A recent telephone survey conducted by AAA found that 71 percent of those polled are “afraid” to ride in fully self-driving vehicles – a result of what the organization called several “high-profile” autonomous vehicle crashes.
[Above photo by Uber.]
“Automated vehicle technology is evolving on a very public stage and, as a result, it is affecting how consumers feel about it,” noted Greg Brannon, AAA’s director of automotive engineering and industry relations, in a March 14 statement. “Having the opportunity to interact with partially or fully automated vehicle technology will help remove some of the mystery for consumers and open the door for greater acceptance.”
He added that experience seems to play a key role in impacting how drivers feel about automated vehicle technology. For example, many cars on the road today are equipped with advanced driver assistance systems or ADAS, which are considered the “building blocks” for fully self-driving vehicles.
In fact, AAA’s survey revealed that regular interaction with ADAS components such as lane keeping assistance, adaptive cruise control, automatic emergency braking and self-parking functions can “significantly” improves consumer comfort level. On average, drivers who have one of these four ADAS technologies are about 68 percent more likely to trust these features than drivers who don’t have them, the group noted.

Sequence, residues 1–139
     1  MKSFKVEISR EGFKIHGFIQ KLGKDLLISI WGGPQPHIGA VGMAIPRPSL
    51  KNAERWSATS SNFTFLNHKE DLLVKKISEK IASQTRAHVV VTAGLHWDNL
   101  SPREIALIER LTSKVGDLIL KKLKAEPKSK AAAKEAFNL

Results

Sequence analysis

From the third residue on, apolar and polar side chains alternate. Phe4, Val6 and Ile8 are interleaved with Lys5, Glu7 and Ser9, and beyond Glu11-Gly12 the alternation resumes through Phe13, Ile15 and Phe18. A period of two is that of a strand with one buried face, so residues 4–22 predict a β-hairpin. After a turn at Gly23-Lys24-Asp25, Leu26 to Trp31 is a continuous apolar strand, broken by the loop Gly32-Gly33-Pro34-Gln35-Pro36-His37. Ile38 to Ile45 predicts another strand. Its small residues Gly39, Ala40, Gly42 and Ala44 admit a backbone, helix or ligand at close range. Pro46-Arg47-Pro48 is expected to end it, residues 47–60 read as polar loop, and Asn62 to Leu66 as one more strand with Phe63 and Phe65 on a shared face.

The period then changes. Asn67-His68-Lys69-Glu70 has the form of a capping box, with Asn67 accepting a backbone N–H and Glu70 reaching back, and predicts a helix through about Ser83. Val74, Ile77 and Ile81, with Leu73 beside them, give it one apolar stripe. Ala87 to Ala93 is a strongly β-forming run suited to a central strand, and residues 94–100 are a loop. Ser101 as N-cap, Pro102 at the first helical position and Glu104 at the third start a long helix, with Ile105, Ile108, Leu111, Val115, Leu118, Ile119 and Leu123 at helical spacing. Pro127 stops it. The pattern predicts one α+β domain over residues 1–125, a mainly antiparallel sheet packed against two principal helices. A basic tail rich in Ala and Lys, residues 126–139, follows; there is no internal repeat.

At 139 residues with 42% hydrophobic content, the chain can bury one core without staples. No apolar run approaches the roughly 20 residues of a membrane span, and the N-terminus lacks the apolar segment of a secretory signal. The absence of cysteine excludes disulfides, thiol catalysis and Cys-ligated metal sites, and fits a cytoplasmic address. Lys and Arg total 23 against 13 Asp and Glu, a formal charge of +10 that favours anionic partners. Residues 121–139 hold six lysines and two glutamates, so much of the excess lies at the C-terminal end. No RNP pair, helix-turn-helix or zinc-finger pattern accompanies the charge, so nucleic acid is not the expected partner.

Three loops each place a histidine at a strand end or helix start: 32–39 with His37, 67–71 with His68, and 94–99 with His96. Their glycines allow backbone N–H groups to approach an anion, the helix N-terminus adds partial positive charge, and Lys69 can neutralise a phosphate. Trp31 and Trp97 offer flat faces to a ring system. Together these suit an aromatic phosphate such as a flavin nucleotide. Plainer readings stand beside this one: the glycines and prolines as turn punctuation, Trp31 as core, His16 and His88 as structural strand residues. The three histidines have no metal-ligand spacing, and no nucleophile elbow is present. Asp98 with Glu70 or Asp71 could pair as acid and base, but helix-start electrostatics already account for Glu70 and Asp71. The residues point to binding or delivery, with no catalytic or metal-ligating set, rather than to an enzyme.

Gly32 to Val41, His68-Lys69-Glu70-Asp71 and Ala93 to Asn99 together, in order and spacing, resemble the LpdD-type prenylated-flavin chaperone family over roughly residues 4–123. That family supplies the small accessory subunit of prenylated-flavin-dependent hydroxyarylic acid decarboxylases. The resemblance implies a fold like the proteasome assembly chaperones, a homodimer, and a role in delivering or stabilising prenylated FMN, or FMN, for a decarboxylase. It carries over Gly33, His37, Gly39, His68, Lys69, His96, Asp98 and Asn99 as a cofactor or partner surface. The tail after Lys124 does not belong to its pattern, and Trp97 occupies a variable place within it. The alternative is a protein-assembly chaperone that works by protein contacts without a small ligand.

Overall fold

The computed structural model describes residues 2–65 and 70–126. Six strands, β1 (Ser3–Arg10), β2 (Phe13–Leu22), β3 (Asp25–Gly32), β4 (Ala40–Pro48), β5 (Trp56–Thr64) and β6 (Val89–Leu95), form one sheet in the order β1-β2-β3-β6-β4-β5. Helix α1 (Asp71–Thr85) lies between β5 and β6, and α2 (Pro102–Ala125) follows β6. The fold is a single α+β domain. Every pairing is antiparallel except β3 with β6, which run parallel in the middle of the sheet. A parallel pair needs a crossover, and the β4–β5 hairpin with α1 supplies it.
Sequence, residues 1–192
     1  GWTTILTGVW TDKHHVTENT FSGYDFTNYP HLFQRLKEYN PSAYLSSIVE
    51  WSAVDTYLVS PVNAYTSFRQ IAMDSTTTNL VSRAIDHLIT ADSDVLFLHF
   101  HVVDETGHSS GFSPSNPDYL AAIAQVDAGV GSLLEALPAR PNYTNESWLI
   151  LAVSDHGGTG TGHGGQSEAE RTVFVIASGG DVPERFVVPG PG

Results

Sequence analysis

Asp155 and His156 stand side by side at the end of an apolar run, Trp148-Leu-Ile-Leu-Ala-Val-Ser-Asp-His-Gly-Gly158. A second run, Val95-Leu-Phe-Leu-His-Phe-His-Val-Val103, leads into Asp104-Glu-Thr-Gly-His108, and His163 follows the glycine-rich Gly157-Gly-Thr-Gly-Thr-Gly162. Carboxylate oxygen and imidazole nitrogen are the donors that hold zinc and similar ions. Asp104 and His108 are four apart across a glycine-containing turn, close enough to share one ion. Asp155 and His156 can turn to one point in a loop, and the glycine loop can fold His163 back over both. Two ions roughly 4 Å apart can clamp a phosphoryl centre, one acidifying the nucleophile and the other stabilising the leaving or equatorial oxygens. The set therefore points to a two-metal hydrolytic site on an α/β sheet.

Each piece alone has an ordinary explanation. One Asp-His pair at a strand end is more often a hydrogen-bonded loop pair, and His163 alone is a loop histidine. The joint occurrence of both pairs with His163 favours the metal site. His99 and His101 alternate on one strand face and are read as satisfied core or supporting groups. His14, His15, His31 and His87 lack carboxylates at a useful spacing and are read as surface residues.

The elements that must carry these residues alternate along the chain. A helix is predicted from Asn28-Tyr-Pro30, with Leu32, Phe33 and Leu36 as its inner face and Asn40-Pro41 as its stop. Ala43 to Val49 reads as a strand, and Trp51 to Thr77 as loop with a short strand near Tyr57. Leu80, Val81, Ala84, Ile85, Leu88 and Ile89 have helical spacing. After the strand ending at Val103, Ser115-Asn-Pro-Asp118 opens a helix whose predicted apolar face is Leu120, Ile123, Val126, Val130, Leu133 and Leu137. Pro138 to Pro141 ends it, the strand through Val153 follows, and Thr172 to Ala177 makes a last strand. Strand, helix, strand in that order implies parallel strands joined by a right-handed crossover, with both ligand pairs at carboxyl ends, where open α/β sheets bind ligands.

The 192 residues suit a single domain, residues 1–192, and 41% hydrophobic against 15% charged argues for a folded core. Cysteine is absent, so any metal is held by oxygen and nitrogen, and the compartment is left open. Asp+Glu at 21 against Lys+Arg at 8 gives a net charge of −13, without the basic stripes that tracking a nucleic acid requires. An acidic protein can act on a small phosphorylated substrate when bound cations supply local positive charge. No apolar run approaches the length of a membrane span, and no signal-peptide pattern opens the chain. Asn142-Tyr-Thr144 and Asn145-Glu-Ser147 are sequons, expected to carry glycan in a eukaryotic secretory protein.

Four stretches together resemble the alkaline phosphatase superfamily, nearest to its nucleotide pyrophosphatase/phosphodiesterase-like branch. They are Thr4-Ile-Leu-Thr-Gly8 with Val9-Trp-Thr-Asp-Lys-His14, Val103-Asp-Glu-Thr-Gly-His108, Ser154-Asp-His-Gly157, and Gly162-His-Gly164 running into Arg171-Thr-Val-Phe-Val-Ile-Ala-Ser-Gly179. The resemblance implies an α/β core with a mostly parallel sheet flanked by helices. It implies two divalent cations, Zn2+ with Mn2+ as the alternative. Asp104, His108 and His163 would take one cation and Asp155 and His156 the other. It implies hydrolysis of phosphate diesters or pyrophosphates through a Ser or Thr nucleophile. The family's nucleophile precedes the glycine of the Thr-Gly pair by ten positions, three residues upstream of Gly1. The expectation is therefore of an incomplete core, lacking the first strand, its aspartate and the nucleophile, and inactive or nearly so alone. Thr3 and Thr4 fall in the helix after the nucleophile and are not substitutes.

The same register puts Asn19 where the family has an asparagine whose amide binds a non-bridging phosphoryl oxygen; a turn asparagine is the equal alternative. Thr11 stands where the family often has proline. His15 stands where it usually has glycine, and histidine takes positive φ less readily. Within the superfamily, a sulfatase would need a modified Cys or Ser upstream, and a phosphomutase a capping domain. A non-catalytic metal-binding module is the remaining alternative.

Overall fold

[Editor’s note: a separate study AAA conducted last year found that many drivers “misunderstand” or “misuse” ADAS technology as well.]
AAA’s poll also found that Americans are more “receptive” to using automated vehicle technology in “limited” applications, as 53 percent said they are “comfortable” with low-speed, short distance forms of transportation such as people movers found at airports or theme parks while 44 percent are comfortable with fully self-driving vehicles for delivery of food or packages.
[The Rhode Island Department of Transportation hosted an autonomous vehicle technology demonstration on Feb. 20 to showcase the use of self-driving “shuttle buses” on “low-volume” roads.]
“Despite fears still running high, our study also shows that Americans are willing to take baby steps toward incorporating this type of technology into their lives,” AAA’s Brannon said. “Hands-on exposure in more controlled, low-risk environments coupled with stronger education will play a key role in easing fears about self-driving cars.”